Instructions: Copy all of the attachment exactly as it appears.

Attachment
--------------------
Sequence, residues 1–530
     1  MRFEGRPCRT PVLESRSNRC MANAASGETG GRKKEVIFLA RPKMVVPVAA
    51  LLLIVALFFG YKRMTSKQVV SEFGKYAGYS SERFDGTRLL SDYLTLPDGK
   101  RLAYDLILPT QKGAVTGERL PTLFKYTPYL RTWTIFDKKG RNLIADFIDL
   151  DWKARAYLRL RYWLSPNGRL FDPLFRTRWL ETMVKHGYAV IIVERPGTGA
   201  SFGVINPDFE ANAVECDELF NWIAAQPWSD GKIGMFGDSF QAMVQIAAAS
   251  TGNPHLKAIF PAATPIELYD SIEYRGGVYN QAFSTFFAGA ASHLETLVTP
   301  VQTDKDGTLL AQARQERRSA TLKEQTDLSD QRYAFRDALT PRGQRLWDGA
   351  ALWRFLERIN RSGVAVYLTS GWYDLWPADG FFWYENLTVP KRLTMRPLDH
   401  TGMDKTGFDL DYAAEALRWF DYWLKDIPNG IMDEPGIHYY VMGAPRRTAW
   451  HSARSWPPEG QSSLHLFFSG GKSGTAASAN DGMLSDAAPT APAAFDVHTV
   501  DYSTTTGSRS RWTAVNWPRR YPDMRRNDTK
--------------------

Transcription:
Sequence, residues 1–530
     1  MRFEGRPCRT PVLESRSNRC MANAASGETG GRKKEVIFLA RPKMVVPVAA
    51  LLLIVALFFG YKRMTSKQVV SEFGKYAGYS SERFDGTRLL SDYLTLPDGK
   101  RLAYDLILPT QKGAVTGERL PTLFKYTPYL RTWTIFDKKG RNLIADFIDL
   151  DWKARAYLRL RYWLSPNGRL FDPLFRTRWL ETMVKHGYAV IIVERPGTGA
   201  SFGVINPDFE ANAVECDELF NWIAAQPWSD GKIGMFGDSF QAMVQIAAAS
   251  TGNPHLKAIF PAATPIELYD SIEYRGGVYN QAFSTFFAGA ASHLETLVTP
   301  VQTDKDGTLL AQARQERRSA TLKEQTDLSD QRYAFRDALT PRGQRLWDGA
   351  ALWRFLERIN RSGVAVYLTS GWYDLWPADG FFWYENLTVP KRLTMRPLDH
   401  TGMDKTGFDL DYAAEALRWF DYWLKDIPNG IMDEPGIHYY VMGAPRRTAW
   451  HSARSWPPEG QSSLHLFFSG GKSGTAASAN DGMLSDAAPT APAAFDVHTV
   501  DYSTTTGSRS RWTAVNWPRR YPDMRRNDTK